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    Volume 11, Issue 4, November 30, 2016
    Message from the Editors
 Lenin's Nurse: Notes for a Dissertation by Chris Barnham
 Gazer by Karen Osborne
 The Yuru-chara of Hector, NY by Morgan Crooks
 Childe Roland by Sidney Blaylock, Jr.
 Mered's Lament by Chris Walker
 Editors Corner: The Quantum Cop by Lesley L. Smith
 Author Interview: Grayson Towler


Childe Roland

Sidney Blaylock, Jr.

Canto I.
My first thought was, he lied with every word,
That hoary cripple, with malicious eye
Askance to watch the working of his lie
          --Robert Browning, "Childe Roland to the Dark Tower Came"

         Roland sat cross-legged, his body floating several feet off the roof of the apartment complex. In front of him floated a broadsword with stark white runes, with a blade as ebon as the deep night of space.
         Roland's skin was a deep burnished brown, but his eyes, he knew, were all white with no pupils. He was Marked--marked as a Childe.
         His shaved bald head glistened in the moonlight. Roland's goatee was well-groomed and his clothes were simple--slacks, a white but-ton-down shirt, penny loafers, a simple black tie, and a long duster to keep the chill of the night air from his bones. Simple and elegant, they were the clothes of an Adjunct Instructor. However, what Adjunct could say that they were living out in real life the very literature that they had taught?
         The Dark Tower screamed at him, as if in defiance of his thought. It was not a blood-curdling scream like one might hear in a horror movie. No, this scream was much more primal, visceral, and ravenous. The Tower wanted some-thing. Something very dear.
         You are going to die, sang Durandal, Roland’s ebony Blade, in his mind. You are naught but ashes and dust, and so shall you return.
         Durindana, Roland thought, I Name you. By your secret name I command you to be either useful or silent. It is your choice.
         Durandal fell silent in his mind, its sibilant lies cut short by his Commandment. Roland knew it would never willingly help him. It would see him dead first. And that would be its greatest mistake.
         Roland sighed and strove for inner peace, secure in his knowledge that Durandal would be silent for a time. A sword was merely a killing tool. But a Blade--a Named Blade--now that was power. Durindana, the Blade that Could Not Be Shivered. It was one of the many Blades of Legend like King Arthur's Excalibur, Beo-wulf's Hrunting, or Sigurd's Balmung. While those Blades, to Roland’s knowledge, were lost to the world, perhaps asleep and waiting for their time to be awakened, while Durindana, or Duran-dal, was alive and awake. Roland tightened his grip on the sword's hilt. It was so very alive. Du-randal wanted him dead. And so did his enemies. Besieged from within and without. That was the life of Childe Roland.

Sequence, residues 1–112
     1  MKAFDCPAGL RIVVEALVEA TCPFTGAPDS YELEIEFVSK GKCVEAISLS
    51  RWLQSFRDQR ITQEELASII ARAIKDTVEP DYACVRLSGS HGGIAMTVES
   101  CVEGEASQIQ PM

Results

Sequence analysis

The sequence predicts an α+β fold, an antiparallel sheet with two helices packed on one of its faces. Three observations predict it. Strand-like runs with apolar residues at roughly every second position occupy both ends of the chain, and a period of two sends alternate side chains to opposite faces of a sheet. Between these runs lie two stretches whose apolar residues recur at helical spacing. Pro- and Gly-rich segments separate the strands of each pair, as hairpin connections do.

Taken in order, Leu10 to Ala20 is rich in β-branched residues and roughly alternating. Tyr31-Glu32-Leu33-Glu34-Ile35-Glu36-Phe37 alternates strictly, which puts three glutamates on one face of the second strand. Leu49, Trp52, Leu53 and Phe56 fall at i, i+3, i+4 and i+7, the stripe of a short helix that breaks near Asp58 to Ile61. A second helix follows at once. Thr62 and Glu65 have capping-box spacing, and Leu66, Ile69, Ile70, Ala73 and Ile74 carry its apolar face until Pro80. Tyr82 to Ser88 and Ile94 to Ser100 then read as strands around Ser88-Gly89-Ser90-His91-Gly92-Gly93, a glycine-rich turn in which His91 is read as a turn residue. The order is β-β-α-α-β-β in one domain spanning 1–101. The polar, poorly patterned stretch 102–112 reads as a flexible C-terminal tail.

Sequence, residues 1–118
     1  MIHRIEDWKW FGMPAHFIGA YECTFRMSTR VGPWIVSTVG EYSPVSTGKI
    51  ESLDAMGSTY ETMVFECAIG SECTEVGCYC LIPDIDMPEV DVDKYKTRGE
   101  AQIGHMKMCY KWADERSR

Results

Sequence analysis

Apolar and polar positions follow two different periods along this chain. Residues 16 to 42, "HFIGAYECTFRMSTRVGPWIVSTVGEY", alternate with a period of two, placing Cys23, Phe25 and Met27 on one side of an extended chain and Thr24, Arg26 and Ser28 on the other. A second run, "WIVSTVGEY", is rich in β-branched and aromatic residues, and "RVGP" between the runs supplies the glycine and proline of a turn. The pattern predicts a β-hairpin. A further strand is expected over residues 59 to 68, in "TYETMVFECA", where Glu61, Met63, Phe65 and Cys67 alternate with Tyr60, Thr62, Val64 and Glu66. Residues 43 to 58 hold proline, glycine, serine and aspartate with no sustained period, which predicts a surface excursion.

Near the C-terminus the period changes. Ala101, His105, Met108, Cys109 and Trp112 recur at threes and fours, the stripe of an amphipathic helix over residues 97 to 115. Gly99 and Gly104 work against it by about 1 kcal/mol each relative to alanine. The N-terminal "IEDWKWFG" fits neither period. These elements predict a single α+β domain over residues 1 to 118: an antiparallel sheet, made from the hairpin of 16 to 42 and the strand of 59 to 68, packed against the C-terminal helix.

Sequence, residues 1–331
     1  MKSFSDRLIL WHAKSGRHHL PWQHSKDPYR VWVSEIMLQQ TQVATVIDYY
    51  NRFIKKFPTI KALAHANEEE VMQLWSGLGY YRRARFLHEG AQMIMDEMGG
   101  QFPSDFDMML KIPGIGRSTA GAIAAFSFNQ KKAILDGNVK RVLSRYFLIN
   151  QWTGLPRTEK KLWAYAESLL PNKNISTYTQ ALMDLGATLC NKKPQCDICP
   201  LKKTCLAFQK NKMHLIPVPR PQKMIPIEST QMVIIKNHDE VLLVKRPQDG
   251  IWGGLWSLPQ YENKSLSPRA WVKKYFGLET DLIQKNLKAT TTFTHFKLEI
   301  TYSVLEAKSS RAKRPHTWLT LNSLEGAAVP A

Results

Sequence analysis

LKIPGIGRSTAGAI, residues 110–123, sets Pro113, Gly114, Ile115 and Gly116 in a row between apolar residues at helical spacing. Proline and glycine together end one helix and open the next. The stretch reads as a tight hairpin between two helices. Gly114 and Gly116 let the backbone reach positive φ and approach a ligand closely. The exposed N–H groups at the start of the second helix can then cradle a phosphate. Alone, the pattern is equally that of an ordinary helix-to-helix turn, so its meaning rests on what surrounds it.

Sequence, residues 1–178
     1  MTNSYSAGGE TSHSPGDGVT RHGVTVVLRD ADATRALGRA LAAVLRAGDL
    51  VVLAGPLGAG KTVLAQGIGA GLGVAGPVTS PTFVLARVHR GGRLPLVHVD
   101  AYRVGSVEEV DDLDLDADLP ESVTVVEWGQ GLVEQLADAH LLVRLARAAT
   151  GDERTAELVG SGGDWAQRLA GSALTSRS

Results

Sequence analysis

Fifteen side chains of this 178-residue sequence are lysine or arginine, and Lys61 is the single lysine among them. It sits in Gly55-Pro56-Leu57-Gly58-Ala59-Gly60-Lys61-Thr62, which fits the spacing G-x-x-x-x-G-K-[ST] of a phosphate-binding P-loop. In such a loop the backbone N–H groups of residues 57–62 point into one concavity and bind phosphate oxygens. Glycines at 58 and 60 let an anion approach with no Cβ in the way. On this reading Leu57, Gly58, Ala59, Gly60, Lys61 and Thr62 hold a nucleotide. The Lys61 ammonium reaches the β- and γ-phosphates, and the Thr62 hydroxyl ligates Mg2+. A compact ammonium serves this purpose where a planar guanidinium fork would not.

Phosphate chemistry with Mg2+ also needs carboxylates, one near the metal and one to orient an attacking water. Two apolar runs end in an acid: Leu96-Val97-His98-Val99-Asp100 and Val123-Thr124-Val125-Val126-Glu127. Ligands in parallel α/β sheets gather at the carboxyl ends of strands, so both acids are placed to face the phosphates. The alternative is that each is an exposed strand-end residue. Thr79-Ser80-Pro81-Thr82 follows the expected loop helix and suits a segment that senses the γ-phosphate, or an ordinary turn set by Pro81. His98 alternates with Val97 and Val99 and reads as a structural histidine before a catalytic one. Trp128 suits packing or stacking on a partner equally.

They were coming for him--he could feel it. All his enemies were closing in, cordoning off avenues of escape. Soon they would attack en masse. There were too many to count, but they fell into two main factions: the mon-sters and the Tower Guard. From Grendels to Fenrae, Drakes to Ogres, the monsters hunted him because they wanted to feast on his power . . . his 'greatness.' They were like the primitive tribes of old who thought they could grow more powerful by consuming their enemies. They were dan-gerous, yes, as all wild things were, but it was the Tower Guard and their leader, Ganelon the Traitor, who were to be truly feared.
         The Tower Guards didn't just want his life. No, they wanted Durandal. They wanted to separate him from the Blade. They did not want him finding the Tower--not with the Blade in hand--and they would do anything to make sure that he never did.
         And so was the Dark Tower. It domi-nated his dreams as it had the dreams of all the other Rolands. It was hard to think of himself in the plural, but he remembered . . . others . . . Orlando, perhaps, or maybe it was Rinaldo, or even Rollande . . . who were not him, but who also strove for The Tower. Like characters from Ford Maddox Ford's The Good Soldier, the other Rolands seemed to expand his knowledge of his life as he lived through them, and each one seemed just as real as himself. Whether he was actually living through them in one endless journey, or like Maddox's novel, Roland was viewing different aspects of his story and deepening his understanding via the recursive narrative, he real-ly could not say. Although, as an Adjunct, he could say that his own story, and not that of Ford Maddox Ford, was truly the saddest story ever told. Who else could bear the dreadful fate placed on him? To live, to learn, to die, and then to live again, seemingly to forever make the same mis-take? No, that was not living, but rather a living nightmare. He had the feeling, however, that no matter how this night turned out, he would be the last. The very last Childe to seek the Tower. Had all the other Rolands simply been training for this very moment or, even more ominously, warnings?